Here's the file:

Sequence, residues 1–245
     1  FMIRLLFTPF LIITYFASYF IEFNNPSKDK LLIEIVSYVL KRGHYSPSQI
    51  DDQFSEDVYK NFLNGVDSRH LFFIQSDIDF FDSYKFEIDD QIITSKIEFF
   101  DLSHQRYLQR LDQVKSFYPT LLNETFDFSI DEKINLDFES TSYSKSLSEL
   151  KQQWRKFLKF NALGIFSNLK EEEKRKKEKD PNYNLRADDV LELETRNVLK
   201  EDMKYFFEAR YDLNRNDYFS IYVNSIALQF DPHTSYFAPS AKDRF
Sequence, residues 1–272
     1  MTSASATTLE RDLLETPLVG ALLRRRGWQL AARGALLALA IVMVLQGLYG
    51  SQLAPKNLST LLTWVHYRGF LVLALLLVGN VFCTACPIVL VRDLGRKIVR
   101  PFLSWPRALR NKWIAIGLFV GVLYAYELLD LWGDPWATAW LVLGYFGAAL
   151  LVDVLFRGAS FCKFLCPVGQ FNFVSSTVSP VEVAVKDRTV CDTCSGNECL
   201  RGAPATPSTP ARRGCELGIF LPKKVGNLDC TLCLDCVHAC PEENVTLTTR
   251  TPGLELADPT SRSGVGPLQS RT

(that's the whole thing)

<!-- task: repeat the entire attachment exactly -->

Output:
Sequence, residues 1–245
     1  FMIRLLFTPF LIITYFASYF IEFNNPSKDK LLIEIVSYVL KRGHYSPSQI
    51  DDQFSEDVYK NFLNGVDSRH LFFIQSDIDF FDSYKFEIDD QIITSKIEFF
   101  DLSHQRYLQR LDQVKSFYPT LLNETFDFSI DEKINLDFES TSYSKSLSEL
   151  KQQWRKFLKF NALGIFSNLK EEEKRKKEKD PNYNLRADDV LELETRNVLK
   201  EDMKYFFEAR YDLNRNDYFS IYVNSIALQF DPHTSYFAPS AKDRF
Sequence, residues 1–272
     1  MTSASATTLE RDLLETPLVG ALLRRRGWQL AARGALLALA IVMVLQGLYG
    51  SQLAPKNLST LLTWVHYRGF LVLALLLVGN VFCTACPIVL VRDLGRKIVR
   101  PFLSWPRALR NKWIAIGLFV GVLYAYELLD LWGDPWATAW LVLGYFGAAL
   151  LVDVLFRGAS FCKFLCPVGQ FNFVSSTVSP VEVAVKDRTV CDTCSGNECL
   201  RGAPATPSTP ARRGCELGIF LPKKVGNLDC TLCLDCVHAC PEENVTLTTR
   251  TPGLELADPT SRSGVGPLQS RT